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The last time audiences witnessed Martin Gore, David Gahan and Andrew Fletcher – collectively, Euro-electronic pop avatars Depeche Mode – together was when the trio, virtually and humorously, accepted their award as part of the 2020 Rock and Roll Hall of Fame Induction Ceremony. Come March, Depeche will be up for another award, as its 2020 career-collecting set, the all-black, all square “MODE,” is nominated for Best Boxed or Special Limited Edition Package (for art director Jeff Schulz).

Like the rest of the music-making and touring world, Depeche has had to sit out the last 12 months. Its principle composer and co-founding member Martin Gore, however, had other plans — namely a new solo record, “The Third Chimpanzee.”

Unlike Depeche Mode’s mannered, Euro-romantic sound, Gore (who has made several solo albums in the past, including 2015’s “MG”), has pared his manic “Chimpanzee” sound to a cinematic but wrenchingly industrial tone with metallic rhythms. Add to that, a menacing processed vocal that makes the whole record sound like a man on fire, and you have some of Gore’s most incendiary sounds ever.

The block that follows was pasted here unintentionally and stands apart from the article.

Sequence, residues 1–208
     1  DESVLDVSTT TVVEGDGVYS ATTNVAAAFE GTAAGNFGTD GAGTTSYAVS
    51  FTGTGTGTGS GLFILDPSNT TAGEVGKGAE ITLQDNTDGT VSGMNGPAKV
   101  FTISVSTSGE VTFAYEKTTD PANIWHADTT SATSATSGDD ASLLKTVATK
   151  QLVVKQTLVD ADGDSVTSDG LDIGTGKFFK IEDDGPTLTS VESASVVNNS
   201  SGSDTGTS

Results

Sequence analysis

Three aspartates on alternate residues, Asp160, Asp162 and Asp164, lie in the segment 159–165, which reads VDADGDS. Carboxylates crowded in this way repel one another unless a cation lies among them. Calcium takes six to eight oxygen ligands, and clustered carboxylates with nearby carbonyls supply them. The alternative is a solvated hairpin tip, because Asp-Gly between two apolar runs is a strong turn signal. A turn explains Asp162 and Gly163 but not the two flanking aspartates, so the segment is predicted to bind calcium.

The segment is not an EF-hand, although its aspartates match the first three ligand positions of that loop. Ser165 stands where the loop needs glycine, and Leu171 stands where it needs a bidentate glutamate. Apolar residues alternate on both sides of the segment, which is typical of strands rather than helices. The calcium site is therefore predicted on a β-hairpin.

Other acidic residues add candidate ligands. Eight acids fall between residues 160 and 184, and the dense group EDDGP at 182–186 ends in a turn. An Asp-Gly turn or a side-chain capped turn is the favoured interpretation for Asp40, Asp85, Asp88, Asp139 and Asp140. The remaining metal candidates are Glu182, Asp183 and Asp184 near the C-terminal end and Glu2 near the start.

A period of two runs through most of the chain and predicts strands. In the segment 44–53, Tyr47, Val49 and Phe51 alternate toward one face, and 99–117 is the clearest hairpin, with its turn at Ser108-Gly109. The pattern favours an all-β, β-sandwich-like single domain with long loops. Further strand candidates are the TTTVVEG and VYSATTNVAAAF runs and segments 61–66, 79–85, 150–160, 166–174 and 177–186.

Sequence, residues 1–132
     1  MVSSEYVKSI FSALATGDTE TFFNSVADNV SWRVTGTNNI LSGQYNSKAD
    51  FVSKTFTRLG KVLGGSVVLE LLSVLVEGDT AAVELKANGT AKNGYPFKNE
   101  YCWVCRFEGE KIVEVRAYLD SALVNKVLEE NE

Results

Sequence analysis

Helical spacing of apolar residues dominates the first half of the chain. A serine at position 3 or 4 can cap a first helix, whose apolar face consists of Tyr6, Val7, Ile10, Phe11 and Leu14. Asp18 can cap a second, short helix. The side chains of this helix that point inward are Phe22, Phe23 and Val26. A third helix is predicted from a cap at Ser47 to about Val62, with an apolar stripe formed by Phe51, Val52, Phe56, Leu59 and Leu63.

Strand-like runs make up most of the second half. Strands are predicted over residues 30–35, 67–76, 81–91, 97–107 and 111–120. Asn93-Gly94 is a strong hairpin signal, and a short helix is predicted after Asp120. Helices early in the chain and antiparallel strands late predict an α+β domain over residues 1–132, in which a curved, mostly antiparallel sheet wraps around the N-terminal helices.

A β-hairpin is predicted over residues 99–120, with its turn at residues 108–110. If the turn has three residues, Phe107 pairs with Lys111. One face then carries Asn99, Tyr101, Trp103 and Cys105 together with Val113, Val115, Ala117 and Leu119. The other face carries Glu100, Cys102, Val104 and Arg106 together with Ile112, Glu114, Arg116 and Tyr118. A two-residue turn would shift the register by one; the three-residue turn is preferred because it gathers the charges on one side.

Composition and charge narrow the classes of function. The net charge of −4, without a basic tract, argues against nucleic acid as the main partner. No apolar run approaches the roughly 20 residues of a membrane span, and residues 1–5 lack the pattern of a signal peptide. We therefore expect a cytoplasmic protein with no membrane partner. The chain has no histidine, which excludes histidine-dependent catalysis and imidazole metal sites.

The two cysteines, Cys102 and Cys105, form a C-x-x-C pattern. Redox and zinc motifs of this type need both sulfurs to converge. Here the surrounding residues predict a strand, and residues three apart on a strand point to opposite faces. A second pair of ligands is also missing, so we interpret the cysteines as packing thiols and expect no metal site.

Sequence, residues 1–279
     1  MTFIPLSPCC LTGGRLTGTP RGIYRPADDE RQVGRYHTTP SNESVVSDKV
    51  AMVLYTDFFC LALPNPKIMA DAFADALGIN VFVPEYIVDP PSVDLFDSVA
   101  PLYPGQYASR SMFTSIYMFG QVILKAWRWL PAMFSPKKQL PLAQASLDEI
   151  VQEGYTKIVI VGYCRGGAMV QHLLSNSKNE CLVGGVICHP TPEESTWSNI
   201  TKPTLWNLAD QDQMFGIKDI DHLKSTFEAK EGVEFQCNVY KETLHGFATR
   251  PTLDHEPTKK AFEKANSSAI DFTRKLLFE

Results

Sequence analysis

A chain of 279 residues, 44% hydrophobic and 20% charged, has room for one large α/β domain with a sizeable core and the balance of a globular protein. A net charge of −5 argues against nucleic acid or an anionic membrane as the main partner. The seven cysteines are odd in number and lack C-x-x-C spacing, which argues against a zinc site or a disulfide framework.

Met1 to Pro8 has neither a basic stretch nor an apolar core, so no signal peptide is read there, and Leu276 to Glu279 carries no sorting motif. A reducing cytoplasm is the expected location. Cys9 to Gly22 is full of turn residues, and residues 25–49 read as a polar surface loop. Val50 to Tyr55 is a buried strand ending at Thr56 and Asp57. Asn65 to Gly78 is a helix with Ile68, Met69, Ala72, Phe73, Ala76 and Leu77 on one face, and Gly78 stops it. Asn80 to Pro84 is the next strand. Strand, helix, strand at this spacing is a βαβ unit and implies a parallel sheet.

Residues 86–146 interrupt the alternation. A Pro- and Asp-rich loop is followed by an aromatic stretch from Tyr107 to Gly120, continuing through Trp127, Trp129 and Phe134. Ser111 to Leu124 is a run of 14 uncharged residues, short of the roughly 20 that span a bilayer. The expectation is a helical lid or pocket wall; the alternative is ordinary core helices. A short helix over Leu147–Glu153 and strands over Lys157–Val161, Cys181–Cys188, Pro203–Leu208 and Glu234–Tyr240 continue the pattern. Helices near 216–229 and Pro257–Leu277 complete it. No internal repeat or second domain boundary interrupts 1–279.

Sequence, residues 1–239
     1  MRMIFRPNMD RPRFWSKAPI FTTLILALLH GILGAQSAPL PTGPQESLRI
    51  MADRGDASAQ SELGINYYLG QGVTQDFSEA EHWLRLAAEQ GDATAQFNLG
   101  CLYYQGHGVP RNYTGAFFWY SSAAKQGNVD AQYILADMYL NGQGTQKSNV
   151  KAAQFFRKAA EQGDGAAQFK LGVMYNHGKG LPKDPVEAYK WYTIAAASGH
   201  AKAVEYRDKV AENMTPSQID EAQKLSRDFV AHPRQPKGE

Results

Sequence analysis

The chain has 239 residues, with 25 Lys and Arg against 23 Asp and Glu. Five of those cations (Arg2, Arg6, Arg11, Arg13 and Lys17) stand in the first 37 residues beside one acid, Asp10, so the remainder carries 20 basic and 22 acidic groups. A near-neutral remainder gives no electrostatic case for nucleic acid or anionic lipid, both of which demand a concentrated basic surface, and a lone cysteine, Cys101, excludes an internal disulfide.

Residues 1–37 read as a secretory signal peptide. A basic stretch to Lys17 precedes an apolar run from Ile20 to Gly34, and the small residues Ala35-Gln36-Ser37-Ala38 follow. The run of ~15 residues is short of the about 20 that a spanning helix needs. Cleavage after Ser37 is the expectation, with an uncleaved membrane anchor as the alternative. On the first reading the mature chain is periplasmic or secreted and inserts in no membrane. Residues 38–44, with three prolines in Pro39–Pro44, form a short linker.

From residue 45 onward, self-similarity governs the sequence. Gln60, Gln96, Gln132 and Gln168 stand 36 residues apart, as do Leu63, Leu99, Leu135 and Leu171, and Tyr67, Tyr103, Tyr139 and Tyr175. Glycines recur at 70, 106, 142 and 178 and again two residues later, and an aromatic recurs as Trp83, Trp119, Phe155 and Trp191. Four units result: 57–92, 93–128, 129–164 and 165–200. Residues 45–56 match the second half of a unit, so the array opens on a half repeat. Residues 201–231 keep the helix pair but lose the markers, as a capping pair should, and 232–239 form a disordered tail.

Variety caught up with Gore at home in Southern California on the eve of the EP’s release.

The sound of “The Third Chimpanzee” is quite harsh and isolationist, but in a cinematic sense. What was your mood when you started it, and how did your approach change the further you got into the pandemic and its lockdown?

I already had the demo to “Howler” finished back in 2019, but it was just a one-off sitting around that I didn’t know what to do with. Then the pandemic hit, and I was at home and thought I should do something. I was going into the studio and wasn’t inspired to write lyrics – I usually find that I can do something musically a lot easier than I can lyrically – so the instrumentals came out. “Mandrill” was born out of that, and once its basis was formed, I decided to manipulate and re-synthesize its vocals. That somehow connected it to “Howler,” and gave the project a concept.

It’s certainly not your usual angelic vocal tone — what did you do to it?